You have likely heard of popular diet trends like IIFYM (If It Fits Your Macros), Whole30, and Paleo. The latter two are more similar to one another in that they focus on not how much, but what type of food you consume. Whereas the former, IIFYM highlights quantity rather than quality. So which type of diet style is most effective for body composition?
There are benefits to both emphasis for different purposes that I will highlight in detail:
1) Energy Density
Energy density pertains to how many calories and macronutrients a food contains per unit of weight. For example, 1 cup of broccoli contains 47 calories, 4 g carbohydrates, 0 g protein, and 0 g fat whereas 1 cup of potatoes contains 117 calories, 27 g carbohydrates, 3 g protein, and 0 g fat. Both are fibrous carbohydrate sources however broccoli is much less dense in energy than are potatoes. If you compare broccoli to a packaged food like cereal, there will be an even greater caloric discrepancy between equal food volumes.
For those trying to gain weight, choosing more energy dense food sources can be advantageous. However, when aiming to lose weight, it may be easier to stick to your caloric needs by consuming more broccoli than potatoes.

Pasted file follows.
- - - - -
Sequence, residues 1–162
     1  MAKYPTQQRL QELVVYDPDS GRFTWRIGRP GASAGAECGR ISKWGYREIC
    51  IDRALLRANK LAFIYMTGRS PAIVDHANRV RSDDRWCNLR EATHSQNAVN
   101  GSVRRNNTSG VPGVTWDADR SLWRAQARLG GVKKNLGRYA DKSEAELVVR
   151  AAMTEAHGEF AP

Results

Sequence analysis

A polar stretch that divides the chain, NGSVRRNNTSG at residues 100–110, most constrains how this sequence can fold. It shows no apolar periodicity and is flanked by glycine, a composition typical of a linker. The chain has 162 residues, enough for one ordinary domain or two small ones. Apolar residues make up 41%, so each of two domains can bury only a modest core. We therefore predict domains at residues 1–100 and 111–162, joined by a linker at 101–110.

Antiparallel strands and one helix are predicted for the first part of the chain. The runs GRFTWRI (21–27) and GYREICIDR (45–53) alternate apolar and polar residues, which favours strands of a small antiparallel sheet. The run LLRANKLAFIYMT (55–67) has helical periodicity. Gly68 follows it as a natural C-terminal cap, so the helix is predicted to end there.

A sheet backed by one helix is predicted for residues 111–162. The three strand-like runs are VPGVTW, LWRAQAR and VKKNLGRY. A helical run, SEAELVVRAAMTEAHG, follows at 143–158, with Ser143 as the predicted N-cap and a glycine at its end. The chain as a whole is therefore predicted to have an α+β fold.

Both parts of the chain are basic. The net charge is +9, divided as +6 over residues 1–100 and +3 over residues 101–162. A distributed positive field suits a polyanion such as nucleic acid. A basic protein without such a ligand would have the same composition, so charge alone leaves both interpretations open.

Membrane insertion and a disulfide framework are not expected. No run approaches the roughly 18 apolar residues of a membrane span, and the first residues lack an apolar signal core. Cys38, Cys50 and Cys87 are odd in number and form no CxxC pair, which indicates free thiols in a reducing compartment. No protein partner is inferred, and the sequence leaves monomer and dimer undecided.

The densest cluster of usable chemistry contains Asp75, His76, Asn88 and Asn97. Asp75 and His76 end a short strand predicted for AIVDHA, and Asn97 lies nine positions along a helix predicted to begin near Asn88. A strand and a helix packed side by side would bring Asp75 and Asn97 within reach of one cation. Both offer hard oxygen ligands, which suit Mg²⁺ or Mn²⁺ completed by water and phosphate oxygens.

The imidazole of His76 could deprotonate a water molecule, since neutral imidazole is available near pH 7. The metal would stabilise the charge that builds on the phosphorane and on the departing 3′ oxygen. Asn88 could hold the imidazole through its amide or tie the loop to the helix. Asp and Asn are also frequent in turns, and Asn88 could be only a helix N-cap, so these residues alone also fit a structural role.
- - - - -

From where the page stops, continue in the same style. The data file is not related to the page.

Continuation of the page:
2) Thermogenic Effect of Food
Foods that contain fiber and protein are more thermogenic than foods that do not. Thermogenesis refers to the energy (calories) required to break down this food. Thermogenesis has been estimated to account for roughly 5-15% of total daily energy expenditure. Plant foods and meat are the best thermogenic food sources due to their fiber and protein content. For those looking to lose weight, incorporating a minimum of 30 grams fiber and 0.8 g/lb. body weight of protein, per day, can help support weight loss efforts.
3) Hormone and Fluid Balance
Nutrients like zinc, iodine, and selenium play pivotal roles in maintaining hormone balance. The best food sources of these nutrients are seafood, nuts, seeds, and eggs. Foregoing these foods in the diet may lead to suboptimal nutrient status that can impair optimal hormone functioning. For example, zinc is a critical nutrient for optimal testosterone production which helps in maintaining and gaining lean muscle mass.
Packaged food sources are generally lacking in these nutrients and also contain more sodium and less potassium. Sodium and potassium are two main electrolytes that help regulate fluid balance and prevent bloating and water retention.
Maintaining a healthy weight is dependent on many factors that include caloric balance and hormones. If calories are not within their proper range, weight loss/gain will not happen. However, if the diet is also lacking in the proper nutrients to maintain healthy hormonal functioning, weight change will also not happen. This is why it is important to focus on food quality AND quantity for your individual needs. For example, a woman going through menopause will have very different food quality and quantity parameters than an active male in their 20's. The hormonal profiles, energy expenditure, muscle mass, and goals are very different...so why should their approach to weight loss be the same?
Not sure how to balance quality and quantity within your diet to achieve your goals, nutrition coaching might be right for you- learn more here!